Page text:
[PATCH] cpp11-migrate: Add a transform that use pass-by-value in constructors

Guillaume Papin guillaume.papin at epitech.eu
Sun Aug 11 09:17:46 PDT 2013

  > While constructors are an interesting case - do you intend to/is there any reason this hasn't been generalized over arbitrary functions that involve taking exactly one copy of a parameter & otherwise not referencing that parameter?

  I agree with you, I tried to make the structure of the code and the documentation open to new additions of the same kind. Assuming the transform gets accepted I will log an issue for enhancement in JIRA. I stick to this use case for now because I think it's already useful and the others introduce a lot more difficulty IMHO.

  > & it's clear that this is an unsafe transformation, right? If, in the original example, the parameter object is referenced indirectly elsewhere (eg: another reference parameter has an indirect reference to the movable parameter, or the movable parameter is a reference to a global) causing the copy to happen at the time the argument was passed, rather than when the original code copied it could cause an observably different object to be copied. I don't think that negates the value in having this transformation - just something to be aware of.

  You are right. I put it as a reasonable risk, do we agree on this or this should be considered risky? The two cases I see (but I think I may have a limited imagination here) are:
  1. The exception locality, if the constructor throws it will throw at a different place (outside the constructor). Should I look for a function-try block and avoid transforming if one is present? Unless we known the constructors can't throw.
  2. If the object referenced is modified before in the init-list by a hidden reference. The best example I could come up with is:

    #include <string>
    #include <iostream>

    struct StringHolder {
      std::string S;

    struct EvilBase {
      EvilBase(StringHolder &H) { H.S = "Evil things just happened!"; }

    struct A : EvilBase {
      A(StringHolder &H, const std::string &S) : EvilBase(H), S(S) {}

      void dump() { std::cout << S << "\n"; }

      std::string S;

    int main() {
      StringHolder H{ "I won't get printed!" };
      A a(H, H.S);
      a.dump();  // prints "Evil things just happened!\n"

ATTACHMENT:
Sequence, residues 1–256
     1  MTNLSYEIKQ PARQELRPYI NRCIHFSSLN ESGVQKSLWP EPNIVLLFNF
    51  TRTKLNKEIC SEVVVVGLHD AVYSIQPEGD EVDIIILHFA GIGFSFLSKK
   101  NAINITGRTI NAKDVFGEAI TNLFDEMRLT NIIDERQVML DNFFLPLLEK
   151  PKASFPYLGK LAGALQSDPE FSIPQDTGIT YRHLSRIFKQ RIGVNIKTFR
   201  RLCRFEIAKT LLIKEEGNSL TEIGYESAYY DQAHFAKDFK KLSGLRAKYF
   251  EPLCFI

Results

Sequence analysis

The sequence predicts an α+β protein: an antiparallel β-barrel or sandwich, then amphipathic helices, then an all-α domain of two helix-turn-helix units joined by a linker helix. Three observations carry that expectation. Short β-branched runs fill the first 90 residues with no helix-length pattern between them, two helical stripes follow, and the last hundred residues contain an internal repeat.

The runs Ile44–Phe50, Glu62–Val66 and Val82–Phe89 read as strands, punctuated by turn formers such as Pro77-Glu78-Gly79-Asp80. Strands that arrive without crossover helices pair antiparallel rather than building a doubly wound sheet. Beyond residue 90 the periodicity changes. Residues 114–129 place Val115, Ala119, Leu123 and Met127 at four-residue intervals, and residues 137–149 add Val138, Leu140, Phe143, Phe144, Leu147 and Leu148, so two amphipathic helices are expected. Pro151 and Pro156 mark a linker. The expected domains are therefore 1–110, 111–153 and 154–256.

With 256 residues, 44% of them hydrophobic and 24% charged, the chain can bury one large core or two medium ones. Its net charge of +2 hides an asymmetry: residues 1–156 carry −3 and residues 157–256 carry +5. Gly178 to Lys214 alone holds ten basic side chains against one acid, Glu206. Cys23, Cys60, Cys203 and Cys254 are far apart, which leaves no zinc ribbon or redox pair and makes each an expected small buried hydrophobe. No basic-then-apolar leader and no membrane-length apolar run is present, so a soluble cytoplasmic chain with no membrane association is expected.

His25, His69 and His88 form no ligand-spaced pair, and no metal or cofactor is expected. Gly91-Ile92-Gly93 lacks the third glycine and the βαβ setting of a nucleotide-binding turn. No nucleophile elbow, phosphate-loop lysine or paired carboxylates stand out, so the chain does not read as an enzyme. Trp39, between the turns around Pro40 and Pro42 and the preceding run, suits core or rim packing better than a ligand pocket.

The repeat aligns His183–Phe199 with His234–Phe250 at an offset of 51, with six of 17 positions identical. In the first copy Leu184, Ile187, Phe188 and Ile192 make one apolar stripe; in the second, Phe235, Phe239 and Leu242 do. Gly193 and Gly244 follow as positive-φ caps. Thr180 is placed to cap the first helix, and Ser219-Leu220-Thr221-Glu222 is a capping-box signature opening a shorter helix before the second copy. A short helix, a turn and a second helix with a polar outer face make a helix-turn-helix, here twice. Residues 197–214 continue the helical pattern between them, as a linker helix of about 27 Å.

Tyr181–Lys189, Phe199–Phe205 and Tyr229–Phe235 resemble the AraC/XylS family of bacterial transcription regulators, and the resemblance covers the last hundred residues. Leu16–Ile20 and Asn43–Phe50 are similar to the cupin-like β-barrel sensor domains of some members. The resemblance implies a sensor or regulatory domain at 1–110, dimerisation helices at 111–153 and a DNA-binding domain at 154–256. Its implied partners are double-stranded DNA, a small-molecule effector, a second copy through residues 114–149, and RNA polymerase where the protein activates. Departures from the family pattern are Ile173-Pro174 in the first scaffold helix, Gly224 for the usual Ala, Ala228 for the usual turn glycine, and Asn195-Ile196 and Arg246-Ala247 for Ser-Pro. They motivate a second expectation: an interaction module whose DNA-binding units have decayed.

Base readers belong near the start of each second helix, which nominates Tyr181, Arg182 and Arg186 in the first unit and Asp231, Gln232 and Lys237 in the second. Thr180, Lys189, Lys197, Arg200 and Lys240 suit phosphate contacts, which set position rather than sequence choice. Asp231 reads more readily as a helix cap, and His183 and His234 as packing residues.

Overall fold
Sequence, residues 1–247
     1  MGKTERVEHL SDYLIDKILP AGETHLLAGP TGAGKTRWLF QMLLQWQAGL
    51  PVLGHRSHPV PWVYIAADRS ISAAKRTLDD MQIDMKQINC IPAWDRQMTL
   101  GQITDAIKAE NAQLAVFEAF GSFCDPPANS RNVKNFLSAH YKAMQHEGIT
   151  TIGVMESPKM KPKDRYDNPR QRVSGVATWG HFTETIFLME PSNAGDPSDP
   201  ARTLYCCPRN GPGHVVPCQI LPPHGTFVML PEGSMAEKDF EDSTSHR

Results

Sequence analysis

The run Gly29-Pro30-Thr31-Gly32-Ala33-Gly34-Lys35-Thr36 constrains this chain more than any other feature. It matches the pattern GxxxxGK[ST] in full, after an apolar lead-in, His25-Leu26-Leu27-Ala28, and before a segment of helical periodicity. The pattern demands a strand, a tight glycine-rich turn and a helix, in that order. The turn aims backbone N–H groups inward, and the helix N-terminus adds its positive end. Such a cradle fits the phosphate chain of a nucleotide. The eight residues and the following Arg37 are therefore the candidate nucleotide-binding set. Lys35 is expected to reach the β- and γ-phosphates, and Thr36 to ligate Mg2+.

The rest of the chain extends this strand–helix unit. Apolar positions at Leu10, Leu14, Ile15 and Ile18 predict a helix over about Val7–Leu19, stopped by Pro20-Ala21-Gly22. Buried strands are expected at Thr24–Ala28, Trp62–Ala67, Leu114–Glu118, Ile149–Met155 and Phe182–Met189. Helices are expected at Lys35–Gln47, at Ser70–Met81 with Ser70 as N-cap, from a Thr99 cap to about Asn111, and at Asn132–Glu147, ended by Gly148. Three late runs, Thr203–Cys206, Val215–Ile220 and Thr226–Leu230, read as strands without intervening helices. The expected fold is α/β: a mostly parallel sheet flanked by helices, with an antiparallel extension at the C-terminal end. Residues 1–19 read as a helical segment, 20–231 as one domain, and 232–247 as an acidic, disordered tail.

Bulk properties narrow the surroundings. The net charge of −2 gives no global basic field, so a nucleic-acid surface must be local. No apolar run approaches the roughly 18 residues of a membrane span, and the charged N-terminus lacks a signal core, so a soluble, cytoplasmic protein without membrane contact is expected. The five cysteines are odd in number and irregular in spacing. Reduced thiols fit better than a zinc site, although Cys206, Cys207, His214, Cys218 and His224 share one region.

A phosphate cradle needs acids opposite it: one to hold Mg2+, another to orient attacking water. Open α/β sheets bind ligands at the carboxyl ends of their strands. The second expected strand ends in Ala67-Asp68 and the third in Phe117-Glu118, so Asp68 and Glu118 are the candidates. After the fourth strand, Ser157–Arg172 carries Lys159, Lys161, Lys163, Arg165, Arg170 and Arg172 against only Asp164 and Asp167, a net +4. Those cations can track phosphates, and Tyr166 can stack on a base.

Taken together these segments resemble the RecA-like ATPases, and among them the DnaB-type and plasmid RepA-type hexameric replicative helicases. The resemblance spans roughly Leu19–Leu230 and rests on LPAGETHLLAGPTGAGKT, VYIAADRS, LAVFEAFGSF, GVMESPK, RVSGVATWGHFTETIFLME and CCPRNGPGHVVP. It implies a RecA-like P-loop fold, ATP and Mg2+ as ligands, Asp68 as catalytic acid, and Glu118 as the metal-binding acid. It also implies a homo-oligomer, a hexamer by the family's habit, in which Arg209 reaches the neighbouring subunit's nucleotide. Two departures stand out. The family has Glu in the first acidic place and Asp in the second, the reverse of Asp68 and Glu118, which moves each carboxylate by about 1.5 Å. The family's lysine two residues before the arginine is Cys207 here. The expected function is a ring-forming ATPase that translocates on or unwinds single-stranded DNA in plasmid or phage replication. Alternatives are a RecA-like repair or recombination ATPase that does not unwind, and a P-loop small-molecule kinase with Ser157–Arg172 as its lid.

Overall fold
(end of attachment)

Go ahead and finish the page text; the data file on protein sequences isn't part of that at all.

return 0;

  Did you happen to have something like this in your mind or a less contrived example? I would like to document why the transform is risky and if there is a better example than that I guess it's better.

  > Also the "pass by value" approach here isn't optimal but is the nicest/simplest way to write this - in the case where the caller passes a non-temporary there will be one copy construction + one move construction when pass by value is used. In the original code (pass by const ref) there will be one copy construction and no move construction. So the really efficient way is to have two functions - one for rvalue ref (that move constructs) and one for const ref (that copy constructs). But that results in a ridiculous explosion of functions that's just silly - making the pass by value quite sensible as a default until you find some reason to need to split the two functions (because the cost of the extra move is unacceptable in some particular case for some reason)

  I agree with you. There is an article about that explains this issue (http://www.codesynthesis.com/~boris/blog/2012/06/19/efficient-argument-passing-cxx11-part1/). It shows how difficult it is to make one function of the parameter with an rvalue and one without. If you get more than one parameter to transform it gets super-messy very fast (with N being the number of argument copied it requires 2^N overloads).

  > (of course, as an extension - detecting read-only operations on the movable object & replacing references to the parameter with references to the copy (if it hasn't been mutated) could be cool too, but much more work I assume)

  Yeah I thought about this one too but it gets messy if the reference is done before the assignment for example

    struct A {
      A(const std::string &M) : Ref(M), Copy(M) {}
      const std::string &Ref;
      std::string Copy;

  Or if one of the reference is used to compare against the newly made copy.

    struct A {
      A(const std::string &S) : Copy(S) {

        // suppress duplicate spaces in Copy
        Copy.erase(std::unique(Copy.begin(), Copy.end(), [](char c1, char c2) {
          return c1 == ' ' && c2 == ' ';

        if (Copy != S)
          <do something special if the original value has changed>;
      std::string Copy;

  And more things I'm sure. I think this is part of the enhancements but IMHO in its current state the transform is already useful with a very low possibility of error.


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